‘Travelling While Black constantly urges us to look beyond the self, to larger historical acts, to contextualise our, and others’ lives. All this without losing sight of our humanity.’ — Travel Writing World
‘Nanjala Nyabola’s ground-shifting book explores multiple dimensions of being a mobile African woman.’ — The Conversation
‘A book you won’t want to put down. [Nanjala Nyabola’s] observations will make you glad she took you along with her.’ — North Dallas Gazette
‘A thoughtful book written from a vantage point which may be unfamiliar to many of us.’ — Perceptive Travel blog
‘An insightful read on what it’s like to travel in a world that privileges some, but restricts many others.’ — bigblackbooks
‘In the great tradition of Said, Orwell and Bessie Head, Nyabola’s is a profound, gripping and beautiful book of undeniable genius on exile, migration and travel in our catastrophic times. It speaks to all those committed to truth and justice.’ — Cornel West, author of Race Matters and Professor of the Public Practice of Philosophy, Harvard University
‘A valiant exploration of one of humanity’s most fundamental needs: the freedom to move. Drawing on a captivating life of her own, Nanjala Nyabola powerfully reminds us of the complexity of human identity. Above all, an incredibly moving book.’ — David Lammy MP, author of Tribes: How Our Need to Belong Can Make or Break Society
‘Nyabola’s insightful essays deal with identity and the notion of home and belonging, in a world challenged by mobility and dislocation. This collection joins a venerable tradition of Black essay-writing, as it discovers for the socially aware traveller new routes and philosophies to explore.’ — Margaret Busby, editor of New Daughters of Africa
‘What a book! Nyabola takes us on a travel odyssey and an inner quest, and with her we recognise what remains undone and how we see or unsee others. Lethal and restless, yet tender and vulnerable. Disturbing, delicious, defiant. A triumph.’ — Yvonne Adhiambo Owuor, author of Dust and The Dragonfly Sea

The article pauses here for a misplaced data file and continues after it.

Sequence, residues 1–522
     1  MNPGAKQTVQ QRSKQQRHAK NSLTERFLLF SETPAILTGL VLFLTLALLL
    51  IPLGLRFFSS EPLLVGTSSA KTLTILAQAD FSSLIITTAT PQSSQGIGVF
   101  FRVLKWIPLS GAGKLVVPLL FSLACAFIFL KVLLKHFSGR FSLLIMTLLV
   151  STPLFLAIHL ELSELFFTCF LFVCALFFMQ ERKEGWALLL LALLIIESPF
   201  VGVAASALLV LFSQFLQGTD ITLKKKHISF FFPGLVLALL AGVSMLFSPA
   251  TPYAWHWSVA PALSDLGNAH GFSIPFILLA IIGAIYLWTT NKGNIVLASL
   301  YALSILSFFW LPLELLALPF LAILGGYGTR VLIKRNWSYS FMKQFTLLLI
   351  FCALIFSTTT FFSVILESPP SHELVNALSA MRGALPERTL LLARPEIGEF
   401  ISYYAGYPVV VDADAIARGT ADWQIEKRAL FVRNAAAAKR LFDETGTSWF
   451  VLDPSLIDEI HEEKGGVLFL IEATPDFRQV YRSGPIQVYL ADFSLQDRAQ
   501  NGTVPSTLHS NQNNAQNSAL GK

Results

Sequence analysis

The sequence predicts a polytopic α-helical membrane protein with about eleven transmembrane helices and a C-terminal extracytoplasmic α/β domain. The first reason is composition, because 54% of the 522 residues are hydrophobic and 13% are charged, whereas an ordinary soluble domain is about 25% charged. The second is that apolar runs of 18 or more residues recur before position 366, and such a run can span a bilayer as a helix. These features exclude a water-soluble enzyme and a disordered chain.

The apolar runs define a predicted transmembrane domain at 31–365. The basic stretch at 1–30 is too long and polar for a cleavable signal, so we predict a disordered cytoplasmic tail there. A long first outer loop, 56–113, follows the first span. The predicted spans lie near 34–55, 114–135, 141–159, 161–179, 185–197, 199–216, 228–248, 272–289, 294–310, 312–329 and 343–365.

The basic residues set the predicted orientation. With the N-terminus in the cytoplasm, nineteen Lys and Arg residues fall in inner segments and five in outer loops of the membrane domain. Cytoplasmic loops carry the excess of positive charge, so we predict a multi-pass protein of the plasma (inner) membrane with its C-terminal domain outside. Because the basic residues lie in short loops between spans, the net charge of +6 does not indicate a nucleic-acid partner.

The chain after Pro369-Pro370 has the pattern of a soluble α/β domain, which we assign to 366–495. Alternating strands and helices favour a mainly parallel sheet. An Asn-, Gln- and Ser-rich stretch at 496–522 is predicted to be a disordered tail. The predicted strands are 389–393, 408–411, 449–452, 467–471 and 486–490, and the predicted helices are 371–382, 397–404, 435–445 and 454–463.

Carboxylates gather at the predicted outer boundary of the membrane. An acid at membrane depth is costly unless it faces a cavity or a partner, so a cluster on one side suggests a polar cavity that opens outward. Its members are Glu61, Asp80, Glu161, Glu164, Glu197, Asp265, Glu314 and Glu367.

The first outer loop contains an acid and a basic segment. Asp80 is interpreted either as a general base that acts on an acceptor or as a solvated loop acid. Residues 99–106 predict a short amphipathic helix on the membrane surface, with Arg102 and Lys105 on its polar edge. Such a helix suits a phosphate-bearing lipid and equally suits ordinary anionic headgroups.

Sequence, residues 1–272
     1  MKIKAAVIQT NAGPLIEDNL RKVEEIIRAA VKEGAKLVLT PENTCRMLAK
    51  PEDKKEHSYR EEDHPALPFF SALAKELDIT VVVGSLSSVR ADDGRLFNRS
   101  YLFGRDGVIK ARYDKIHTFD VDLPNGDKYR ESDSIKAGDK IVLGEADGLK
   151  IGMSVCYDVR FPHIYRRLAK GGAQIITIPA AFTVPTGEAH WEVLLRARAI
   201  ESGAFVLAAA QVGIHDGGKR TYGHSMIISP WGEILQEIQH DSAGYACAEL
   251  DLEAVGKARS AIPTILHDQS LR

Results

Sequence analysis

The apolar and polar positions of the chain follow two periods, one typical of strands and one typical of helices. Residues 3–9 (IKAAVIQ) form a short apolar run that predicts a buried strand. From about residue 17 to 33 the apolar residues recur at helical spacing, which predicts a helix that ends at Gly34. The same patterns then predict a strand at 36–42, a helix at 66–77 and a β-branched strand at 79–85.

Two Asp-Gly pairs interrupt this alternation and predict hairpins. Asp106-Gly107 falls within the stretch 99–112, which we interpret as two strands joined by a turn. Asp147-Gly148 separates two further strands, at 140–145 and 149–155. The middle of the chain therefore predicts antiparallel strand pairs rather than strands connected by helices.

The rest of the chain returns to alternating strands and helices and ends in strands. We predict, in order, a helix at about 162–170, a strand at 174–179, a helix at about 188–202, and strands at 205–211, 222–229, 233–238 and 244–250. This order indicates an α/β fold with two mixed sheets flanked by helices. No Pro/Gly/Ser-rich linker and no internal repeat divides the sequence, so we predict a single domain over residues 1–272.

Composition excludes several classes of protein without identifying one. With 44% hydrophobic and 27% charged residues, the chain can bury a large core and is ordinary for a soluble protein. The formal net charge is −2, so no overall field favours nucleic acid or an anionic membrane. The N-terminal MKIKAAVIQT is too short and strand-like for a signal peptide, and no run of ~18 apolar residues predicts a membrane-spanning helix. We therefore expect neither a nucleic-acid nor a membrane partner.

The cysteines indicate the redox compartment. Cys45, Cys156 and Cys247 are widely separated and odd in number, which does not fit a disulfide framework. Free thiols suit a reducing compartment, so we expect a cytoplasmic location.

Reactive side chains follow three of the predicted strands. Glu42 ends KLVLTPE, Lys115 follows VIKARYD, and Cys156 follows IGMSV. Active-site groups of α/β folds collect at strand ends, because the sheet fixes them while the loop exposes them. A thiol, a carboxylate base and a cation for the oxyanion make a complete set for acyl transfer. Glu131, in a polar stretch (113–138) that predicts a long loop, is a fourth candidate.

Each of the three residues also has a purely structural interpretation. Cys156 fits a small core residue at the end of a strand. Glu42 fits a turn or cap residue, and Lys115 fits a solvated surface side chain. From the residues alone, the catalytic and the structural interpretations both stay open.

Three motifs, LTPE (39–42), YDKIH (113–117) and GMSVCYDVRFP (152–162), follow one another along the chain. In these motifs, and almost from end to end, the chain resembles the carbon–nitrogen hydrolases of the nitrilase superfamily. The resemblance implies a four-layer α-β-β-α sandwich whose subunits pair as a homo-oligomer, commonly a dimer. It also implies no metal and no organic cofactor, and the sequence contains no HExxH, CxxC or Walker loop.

‘A unique, provocative and thoughtful collection of essays. Part autobiography and travelogue, but also a powerful reflection on migration, travel, identity, racism, literature, language, Pan-Africanism and the experiences of a young Kenyan woman travelling throughout the modern world.’ — Hakim Adi, Professor of the History of Africa and the African Diaspora, University of Chichester, and author of Pan-Africanism: A History
‘At a time where the freedom of Black people to exist and move safely feels compromised, Nyabola’s collection of essays on travelling is an urgent intervention which powerfully marries cultural and political exploration to the intricacies of modern Black identity.’ — Jason Okundaye, writer and campaigner
Nanjala Nyabola is a writer and political analyst based in Nairobi, Kenya. Her work focuses on structural injustice, the intersection between technology and politics, and migration and human mobility. Her previous collection Travelling While Black, also published by Hurst, was shortlisted for the Stanford Dolman Travel Book of the Year.